The Boisseau in Ilwaco – Nathan Ball Bradley

Alfred Boisseau (1823-1901), Nathan Ball Bradley (1831-1906) (probably), 1886

Alfred Boisseau (1823-1901), Nathan Ball Bradley (1831-1906) (probably), 1886

To answer the second question posed in an earlier post: Who is the Unknown Man in the portrait painted by Alfred Boisseau in 1886 that currently hangs in Ilwaco, Washinghton, I examined a Family Bible that was with the portrait.  The marriage of Harold Frederick Bradley and Mary Blanchard Heron on April 4, 1917, was the first entry. Presuming that the sitter was a relative of the couple, I searched their ancestries.  The correct subject should fit the following criteria:

  • birth date in the 1830s or 1840s since the subject appears to be in his 40s or 50s,
  • residence in 1886 where he [or his photograph] could have been in contact with Alfred Boisseau
  • financial status high enough to afford a fine oil portrait
Nathan Ball Bradley (1831-1906)

Nathan Ball Bradley (1831-1906)

None of the relatives of Mary Blanchard Heron fit the profile, but the Bradley family looked promising. Harold Frederick Bradley was born July 10, 1890 in Bay City, Michigan, the son of Frederick William Bradley and Kate Arnold. His father, Fred W. Bradley, was born in February 1860, also in Bay City, Michigan. His birth date made him too young to be the portrait subject. However, his father, Nathan Ball Bradley, born May 28, 1831 in Lee, Berkshire, Massachusetts, fit the age range.  Nathan Bradley moved to Bay City, Michigan, in 1857 and lived there the rest of his life.  Eventually he became a sawmill owner, the director of the city’s street car system, and the town’s first mayor. Statewide, Michigan’s sugar beet industry exists in part because he was one of the first investors. He was a founder of Alma College. He served as a state senator from 1866 to 1868, and two terms as US Congressman, 1873-1877.  He had the financial wherewithal to pay for a portrait by arguably the finest portrait artist in the region. He could have traveled to Montreal to Boisseau’s studio.  Or, when Boisseau traveled to Saskatchewan in the mid-1880s to see his son, the artist could have painted portraits along the way.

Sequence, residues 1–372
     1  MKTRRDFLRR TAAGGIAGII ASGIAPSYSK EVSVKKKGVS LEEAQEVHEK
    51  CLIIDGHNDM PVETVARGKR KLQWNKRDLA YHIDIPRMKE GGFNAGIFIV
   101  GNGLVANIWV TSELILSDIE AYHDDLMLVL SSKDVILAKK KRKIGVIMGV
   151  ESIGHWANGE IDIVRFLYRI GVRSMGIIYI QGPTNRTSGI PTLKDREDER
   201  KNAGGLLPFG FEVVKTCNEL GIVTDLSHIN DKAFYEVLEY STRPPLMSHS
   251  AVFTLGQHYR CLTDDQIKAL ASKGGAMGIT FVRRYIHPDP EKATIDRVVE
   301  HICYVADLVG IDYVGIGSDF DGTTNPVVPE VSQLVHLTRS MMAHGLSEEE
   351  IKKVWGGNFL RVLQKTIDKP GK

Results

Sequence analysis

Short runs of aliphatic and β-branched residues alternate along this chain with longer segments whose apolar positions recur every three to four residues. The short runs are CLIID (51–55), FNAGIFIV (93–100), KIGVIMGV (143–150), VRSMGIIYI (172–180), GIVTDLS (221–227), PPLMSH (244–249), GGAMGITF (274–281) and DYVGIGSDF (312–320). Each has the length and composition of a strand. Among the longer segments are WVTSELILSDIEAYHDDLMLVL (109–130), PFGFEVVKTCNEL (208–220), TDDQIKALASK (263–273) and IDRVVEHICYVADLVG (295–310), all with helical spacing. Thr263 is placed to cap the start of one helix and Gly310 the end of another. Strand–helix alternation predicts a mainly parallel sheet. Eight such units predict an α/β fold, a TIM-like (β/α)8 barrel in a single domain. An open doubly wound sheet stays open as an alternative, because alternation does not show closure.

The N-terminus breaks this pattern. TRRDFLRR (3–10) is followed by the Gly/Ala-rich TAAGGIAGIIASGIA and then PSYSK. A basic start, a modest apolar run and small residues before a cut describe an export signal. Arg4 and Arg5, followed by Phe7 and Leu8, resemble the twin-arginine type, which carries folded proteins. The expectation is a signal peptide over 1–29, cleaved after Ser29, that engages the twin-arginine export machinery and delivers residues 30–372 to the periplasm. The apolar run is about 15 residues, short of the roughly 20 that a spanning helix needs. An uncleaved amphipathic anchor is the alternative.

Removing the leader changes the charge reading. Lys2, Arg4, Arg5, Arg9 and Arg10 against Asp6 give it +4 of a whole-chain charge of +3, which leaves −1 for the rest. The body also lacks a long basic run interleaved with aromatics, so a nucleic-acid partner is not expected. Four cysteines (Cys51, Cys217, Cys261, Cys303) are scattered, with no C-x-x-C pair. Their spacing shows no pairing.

Biographies of Bradley include photographs. The deep set eyes, hairline, and posture tempted me to believe that the sitter was Nathan B. Bradley, but Watson pointed out that the ears were different sizes. I ruled out Nathan B. Bradley and looked for brothers who would have shared the resemblance. Those who fit the profile had children who would have inherited the portrait.[1]

We found the most likely relative to be Nathan Ball Bradley, H.F. Bradley’s grandfather. We even found images and biographies of him.  The resemblance was strong enough that we thought we’d found the sitter until Watson pointed out that the portrait subject had smaller ears.  She informed us that ears are more unique than fingerprints. Nathan B. Bradley is not the subject.  We found a photograph and biography of Nathan’s brother Henry, but he, too, had big ears.  We checked the genealogy of all the Bradley brothers and found them either too old or with too prolific.  All had offspring who would have inherited the painting.